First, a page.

Yemi was in the toilet for the fourth time that night, stooling. As his body shook with the need to empty himself, he searched his mind for what could have caused this. He had not eaten outside the house, neither had he drunk anything apart from water that very day. Was it the gala he had eaten the day before? He stood up from the toilet, he could hear his stomach growl. Maybe the worst is over, he thought. He was wrong. By the morning, he was vomiting constantly. He spent the next three days in the hospital, a saline IV attached to his hand.
Every day we are inundated by germs, from the food items we touch to the door knobs we turn. These germs find their way into our mouths and begin the slow descent into our bodies. Thankfully, they are sometimes harmless, yet, sometimes, people, like Yomi, deal with the devastating effects. Yet, the simple act of handwashing regularly can save you a lot in hospital bills.
According to CDC:
Germs can also get onto hands if people touch any object that has germs on it because someone coughed or sneezed on it or was touched by some other contaminated object. When these germs get onto hands and are not washed off, they can be passed from person to person and make people sick.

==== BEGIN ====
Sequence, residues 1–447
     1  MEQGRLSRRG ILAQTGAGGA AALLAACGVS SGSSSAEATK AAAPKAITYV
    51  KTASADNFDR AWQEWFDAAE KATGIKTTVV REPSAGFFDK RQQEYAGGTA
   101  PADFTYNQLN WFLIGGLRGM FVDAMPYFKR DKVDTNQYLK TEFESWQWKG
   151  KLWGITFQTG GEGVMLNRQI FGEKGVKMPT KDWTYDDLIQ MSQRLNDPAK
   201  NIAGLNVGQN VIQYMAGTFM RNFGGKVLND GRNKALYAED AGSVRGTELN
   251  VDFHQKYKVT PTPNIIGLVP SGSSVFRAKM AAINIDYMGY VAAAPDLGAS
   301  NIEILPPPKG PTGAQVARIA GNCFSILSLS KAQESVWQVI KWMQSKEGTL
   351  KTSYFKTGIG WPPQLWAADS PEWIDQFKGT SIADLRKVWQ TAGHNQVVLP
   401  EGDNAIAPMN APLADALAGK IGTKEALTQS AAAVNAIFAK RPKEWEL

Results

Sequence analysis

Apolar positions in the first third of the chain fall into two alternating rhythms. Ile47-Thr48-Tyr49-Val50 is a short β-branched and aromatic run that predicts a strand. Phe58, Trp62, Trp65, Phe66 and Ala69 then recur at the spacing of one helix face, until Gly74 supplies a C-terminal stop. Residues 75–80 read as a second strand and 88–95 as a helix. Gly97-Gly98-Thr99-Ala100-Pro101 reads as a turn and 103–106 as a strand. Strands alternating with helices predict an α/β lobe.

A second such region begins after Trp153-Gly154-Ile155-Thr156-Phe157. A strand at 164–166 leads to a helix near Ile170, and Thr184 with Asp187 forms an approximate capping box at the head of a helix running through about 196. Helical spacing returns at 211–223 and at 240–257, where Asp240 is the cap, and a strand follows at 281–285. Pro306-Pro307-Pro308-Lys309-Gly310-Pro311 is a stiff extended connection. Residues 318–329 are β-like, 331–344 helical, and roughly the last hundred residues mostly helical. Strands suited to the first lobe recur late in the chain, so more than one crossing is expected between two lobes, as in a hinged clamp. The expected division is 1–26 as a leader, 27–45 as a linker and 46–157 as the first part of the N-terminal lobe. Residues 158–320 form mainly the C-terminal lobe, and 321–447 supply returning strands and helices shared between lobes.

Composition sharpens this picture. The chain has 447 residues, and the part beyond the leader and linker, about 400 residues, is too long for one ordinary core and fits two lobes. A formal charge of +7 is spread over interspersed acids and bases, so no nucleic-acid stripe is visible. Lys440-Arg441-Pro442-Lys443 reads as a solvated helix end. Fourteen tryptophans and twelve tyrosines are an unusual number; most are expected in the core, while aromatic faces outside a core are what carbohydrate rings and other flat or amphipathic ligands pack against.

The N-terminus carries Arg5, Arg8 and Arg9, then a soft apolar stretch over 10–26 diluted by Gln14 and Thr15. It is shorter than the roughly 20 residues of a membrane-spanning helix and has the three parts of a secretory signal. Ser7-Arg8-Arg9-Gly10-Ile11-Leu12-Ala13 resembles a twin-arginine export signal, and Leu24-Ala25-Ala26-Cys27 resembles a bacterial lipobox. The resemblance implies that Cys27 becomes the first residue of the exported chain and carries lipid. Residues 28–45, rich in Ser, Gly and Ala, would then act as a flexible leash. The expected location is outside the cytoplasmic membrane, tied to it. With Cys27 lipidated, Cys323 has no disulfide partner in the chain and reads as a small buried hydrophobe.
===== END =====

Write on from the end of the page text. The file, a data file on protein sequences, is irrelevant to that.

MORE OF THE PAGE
Handwashing can prevent about 30% of diarrhea-related sicknesses and about 20% of respiratory infections (e.g., colds). Antibiotics often are prescribed unnecessarily for these health issues. Reducing the number of these infections by washing hands frequently helps prevent the overuse of antibiotics—the single most important factor leading to antibiotic resistance around the world. Handwashing can also prevent people from getting sick with germs that are already resistant to antibiotics and that can be difficult to treat.
This post is part of our work with the Handwashing Awareness Week 2017.